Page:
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Bellevue barber wants to end dry-town status

The race for alcohol is on in Bellevue, one of seven dry municipalities in Allegheny County.

Local barber Aaron Stubna has three weeks to gather 767 signatures to put a referendum on the May ballot seeking to allow for three liquor licenses.

"Instead of having a ghost town during the weekend, we could have a town bustling with people," said Stubna, 37, of Kennedy, who cuts hair at Lincoln Barber. "We've got to rebuild this business district and, I'm sorry, you need that missing ingredient, which is alcohol."

The number of required signatures was determined by the number of Bellevue residents who voted in the November election.

Bellevue opted to stay dry after Prohibition ended in 1933. According to local lore, two sisters donated a park and local library to keep it that way.

In 2007, 22 formerly dry communities in the state voted to allow liquor licenses." In Allegheny County, Bellevue, Ben Avon, Bradford Woods, Edgewood, Forest Hills, Ingram and Wilkinsburg still have restrictions on sales, either by where alcohol is sold or what type is sold.

In Bellevue, no business can sell alcohol for immediate drinking. While state stores and beer distributors are allowed, that means restaurants are not permitted to sell alcoholic drinks to their patrons.

According to the state Liquor Control Board, the referendum can only appear on the ballot during the primary election of an odd year, which leaves Stubna racing against the clock. It can be passed by a simple majority and tailored to a municipality's needs as permitted by the state Liquor Control Board.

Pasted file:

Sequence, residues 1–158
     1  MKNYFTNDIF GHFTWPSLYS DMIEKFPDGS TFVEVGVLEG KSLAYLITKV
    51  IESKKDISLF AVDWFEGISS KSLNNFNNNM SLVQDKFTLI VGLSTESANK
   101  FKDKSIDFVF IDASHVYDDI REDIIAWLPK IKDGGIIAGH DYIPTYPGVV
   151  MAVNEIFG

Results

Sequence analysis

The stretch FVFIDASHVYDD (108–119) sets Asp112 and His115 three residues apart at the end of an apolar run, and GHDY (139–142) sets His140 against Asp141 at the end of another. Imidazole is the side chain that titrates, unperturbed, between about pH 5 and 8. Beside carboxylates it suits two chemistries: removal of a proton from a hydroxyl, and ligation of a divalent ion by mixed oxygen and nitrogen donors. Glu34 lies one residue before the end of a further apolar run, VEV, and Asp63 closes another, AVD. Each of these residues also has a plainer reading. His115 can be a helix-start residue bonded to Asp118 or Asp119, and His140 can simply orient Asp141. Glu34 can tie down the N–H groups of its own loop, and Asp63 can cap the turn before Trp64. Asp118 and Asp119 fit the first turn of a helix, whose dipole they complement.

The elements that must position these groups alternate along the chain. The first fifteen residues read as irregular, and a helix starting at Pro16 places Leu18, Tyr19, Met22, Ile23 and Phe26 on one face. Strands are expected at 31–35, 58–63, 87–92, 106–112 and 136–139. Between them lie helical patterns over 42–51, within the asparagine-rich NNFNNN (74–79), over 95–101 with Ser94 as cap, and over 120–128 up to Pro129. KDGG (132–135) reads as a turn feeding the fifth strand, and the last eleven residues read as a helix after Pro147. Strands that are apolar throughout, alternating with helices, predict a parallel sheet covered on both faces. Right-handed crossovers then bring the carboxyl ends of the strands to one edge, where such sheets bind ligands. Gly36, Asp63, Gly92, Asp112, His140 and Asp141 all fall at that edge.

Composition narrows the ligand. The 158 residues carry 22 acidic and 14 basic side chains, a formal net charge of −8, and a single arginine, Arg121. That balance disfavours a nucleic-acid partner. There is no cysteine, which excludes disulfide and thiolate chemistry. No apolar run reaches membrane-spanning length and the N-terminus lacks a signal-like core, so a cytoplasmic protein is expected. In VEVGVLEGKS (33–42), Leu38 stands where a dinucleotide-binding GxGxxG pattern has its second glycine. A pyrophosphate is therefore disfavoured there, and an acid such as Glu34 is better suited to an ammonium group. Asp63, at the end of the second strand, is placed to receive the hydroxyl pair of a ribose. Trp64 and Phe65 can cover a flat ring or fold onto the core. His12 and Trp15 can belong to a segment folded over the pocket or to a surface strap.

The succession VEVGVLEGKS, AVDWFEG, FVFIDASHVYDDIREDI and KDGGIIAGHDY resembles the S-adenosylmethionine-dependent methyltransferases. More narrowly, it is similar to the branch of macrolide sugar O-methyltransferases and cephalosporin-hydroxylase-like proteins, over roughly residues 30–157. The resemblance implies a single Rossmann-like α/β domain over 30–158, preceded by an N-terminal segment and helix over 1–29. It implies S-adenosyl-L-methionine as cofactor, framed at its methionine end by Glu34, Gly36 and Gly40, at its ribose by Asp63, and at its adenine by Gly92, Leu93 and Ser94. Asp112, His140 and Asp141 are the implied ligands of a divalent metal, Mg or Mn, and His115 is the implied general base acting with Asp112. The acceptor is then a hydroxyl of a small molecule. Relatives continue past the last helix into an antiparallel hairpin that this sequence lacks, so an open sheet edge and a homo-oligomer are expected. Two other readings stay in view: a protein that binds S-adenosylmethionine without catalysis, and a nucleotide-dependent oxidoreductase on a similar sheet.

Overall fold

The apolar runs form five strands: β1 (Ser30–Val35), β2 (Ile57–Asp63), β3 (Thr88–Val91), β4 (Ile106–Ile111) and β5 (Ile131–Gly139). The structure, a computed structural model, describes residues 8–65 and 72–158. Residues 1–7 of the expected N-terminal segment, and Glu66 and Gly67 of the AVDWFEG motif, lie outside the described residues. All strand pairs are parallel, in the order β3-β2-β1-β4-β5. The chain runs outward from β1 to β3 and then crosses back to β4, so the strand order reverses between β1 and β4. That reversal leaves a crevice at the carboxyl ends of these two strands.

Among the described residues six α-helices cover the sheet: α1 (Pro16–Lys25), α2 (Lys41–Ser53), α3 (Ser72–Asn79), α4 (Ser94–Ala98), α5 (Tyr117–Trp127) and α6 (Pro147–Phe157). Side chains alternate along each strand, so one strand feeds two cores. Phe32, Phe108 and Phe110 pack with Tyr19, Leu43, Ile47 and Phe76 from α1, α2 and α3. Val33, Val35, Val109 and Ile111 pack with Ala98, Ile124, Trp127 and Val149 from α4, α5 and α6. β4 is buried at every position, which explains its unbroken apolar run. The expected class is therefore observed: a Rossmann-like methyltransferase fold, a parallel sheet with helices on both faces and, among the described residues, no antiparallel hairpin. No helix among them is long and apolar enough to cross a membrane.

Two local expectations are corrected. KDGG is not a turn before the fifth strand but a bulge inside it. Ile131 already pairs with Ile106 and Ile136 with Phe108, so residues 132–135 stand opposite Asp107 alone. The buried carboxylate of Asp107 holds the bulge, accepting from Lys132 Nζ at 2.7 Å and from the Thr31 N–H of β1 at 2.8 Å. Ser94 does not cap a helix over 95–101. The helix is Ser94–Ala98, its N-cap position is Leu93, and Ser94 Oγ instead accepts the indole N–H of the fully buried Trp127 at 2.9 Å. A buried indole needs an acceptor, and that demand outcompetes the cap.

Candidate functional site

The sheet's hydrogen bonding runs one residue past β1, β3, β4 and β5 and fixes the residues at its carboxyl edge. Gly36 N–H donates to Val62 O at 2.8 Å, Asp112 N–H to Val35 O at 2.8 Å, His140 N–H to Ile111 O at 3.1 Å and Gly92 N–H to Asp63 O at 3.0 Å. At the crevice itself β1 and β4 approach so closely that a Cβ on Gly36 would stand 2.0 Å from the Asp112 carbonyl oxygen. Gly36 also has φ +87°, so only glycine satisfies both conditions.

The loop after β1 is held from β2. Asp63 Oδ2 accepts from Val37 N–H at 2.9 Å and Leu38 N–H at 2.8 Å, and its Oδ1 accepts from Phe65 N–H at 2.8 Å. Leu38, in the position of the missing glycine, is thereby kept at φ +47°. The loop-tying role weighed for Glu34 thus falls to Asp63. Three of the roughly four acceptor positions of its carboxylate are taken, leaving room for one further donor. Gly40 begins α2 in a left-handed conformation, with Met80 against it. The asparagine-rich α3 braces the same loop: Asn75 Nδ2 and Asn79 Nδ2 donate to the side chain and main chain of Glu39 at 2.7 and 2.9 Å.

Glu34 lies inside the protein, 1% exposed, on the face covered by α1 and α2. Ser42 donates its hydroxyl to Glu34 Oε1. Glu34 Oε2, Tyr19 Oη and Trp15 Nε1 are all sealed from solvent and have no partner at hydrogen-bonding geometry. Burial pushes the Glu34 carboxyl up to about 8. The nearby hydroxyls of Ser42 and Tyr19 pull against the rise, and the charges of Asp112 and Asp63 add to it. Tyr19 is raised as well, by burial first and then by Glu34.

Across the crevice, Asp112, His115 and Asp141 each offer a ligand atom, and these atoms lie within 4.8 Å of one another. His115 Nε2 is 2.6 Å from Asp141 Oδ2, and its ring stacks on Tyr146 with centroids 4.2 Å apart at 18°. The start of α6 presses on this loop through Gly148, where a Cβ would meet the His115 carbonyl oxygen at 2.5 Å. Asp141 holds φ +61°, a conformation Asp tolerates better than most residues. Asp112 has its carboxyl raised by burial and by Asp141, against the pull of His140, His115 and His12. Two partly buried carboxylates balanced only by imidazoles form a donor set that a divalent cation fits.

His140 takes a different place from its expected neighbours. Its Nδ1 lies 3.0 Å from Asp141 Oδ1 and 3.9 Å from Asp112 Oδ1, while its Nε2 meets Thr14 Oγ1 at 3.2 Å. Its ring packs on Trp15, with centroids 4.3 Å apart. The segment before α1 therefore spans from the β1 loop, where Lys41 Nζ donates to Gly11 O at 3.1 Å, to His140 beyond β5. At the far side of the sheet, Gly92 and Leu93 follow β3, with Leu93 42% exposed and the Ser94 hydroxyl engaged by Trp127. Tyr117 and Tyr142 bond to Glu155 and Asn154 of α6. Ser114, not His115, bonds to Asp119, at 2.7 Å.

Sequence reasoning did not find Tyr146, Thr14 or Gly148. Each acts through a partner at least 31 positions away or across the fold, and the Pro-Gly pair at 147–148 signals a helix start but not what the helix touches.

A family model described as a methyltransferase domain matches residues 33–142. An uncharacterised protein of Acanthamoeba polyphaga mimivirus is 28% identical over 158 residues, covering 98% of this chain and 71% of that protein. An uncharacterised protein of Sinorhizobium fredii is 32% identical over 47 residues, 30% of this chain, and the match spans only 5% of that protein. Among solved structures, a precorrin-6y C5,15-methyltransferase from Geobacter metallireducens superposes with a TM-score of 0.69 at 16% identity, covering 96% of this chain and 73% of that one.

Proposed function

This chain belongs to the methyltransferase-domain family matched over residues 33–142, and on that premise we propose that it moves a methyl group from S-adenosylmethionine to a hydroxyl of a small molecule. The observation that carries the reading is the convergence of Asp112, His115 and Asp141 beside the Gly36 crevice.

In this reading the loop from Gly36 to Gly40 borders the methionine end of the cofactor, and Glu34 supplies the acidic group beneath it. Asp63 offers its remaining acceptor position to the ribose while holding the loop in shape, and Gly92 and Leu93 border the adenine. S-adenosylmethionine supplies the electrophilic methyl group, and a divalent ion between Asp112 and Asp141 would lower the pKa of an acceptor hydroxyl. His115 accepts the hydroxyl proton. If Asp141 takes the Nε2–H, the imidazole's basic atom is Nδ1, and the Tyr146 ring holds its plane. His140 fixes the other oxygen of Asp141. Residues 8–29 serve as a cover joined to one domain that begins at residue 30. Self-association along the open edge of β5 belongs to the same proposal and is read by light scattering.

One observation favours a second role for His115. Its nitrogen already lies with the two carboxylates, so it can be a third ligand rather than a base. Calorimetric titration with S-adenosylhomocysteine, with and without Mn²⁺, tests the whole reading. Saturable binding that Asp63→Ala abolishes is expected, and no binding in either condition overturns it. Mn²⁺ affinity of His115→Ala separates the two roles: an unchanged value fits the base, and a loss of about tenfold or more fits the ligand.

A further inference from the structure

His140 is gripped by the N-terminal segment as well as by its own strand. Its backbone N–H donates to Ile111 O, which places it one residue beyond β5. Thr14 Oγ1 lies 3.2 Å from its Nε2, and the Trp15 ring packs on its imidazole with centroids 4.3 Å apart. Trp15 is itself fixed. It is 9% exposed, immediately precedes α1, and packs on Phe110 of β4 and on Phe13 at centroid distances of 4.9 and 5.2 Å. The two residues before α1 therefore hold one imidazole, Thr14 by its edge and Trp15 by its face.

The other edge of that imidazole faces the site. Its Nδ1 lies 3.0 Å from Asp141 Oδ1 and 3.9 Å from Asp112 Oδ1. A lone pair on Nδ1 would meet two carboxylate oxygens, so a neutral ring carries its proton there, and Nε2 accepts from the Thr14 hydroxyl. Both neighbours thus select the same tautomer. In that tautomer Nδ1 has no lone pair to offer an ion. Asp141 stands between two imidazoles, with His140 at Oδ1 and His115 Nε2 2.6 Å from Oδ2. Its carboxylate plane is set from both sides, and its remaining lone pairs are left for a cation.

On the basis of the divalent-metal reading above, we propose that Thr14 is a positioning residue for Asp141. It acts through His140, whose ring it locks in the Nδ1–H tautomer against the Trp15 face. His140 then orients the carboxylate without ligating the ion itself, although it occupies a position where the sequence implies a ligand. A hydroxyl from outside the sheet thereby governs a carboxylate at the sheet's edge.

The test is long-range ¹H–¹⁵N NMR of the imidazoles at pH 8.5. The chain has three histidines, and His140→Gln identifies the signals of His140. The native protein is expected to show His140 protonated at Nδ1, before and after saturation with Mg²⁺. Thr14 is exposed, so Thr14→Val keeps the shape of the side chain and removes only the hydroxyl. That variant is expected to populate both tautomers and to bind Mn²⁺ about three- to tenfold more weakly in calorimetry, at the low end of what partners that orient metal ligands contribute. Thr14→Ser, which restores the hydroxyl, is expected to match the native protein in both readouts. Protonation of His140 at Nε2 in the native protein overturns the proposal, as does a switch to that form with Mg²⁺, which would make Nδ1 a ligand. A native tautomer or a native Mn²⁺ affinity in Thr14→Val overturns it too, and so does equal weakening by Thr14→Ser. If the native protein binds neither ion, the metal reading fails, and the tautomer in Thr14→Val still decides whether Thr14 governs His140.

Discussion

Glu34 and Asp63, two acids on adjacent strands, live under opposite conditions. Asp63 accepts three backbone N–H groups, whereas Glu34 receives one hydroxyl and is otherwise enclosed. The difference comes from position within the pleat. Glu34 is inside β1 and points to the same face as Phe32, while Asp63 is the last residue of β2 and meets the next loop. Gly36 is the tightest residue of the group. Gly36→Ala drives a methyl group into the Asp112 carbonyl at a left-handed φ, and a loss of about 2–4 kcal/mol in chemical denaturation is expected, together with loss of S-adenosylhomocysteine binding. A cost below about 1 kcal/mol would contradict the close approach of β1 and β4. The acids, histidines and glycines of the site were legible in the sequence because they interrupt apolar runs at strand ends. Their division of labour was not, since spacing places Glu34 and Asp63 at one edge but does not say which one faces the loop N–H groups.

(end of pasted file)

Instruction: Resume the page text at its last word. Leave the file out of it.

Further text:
The liquor licenses would allow restaurants that get them to serve liquor, wine and beer. Council would have the final say on who is granted a license.

While there is no organized opposition to the proposal, Mayor George Doscher worries about who might wind up with licenses.

Liquor licenses can benefit the borough's business district, but they aren't a cure-all, Doscher said. Council is concerned about the effect becoming it could have on the police force.

"I think it is a piece of the puzzle," Doscher said. "But it's not necessarily the clinching piece."

Signatures must come from Bellevue residents registered to vote in the borough. Stubna said if he does not collect enough signatures at his barbershop, he will begin going door-to-door. The shop will host a free wine-and-cheese party Saturday with live music where residents can sign the petition.

"It's been a lot of work," said Stubna. "Everything has been leading up to this moment, and we can't let this moment slip by."

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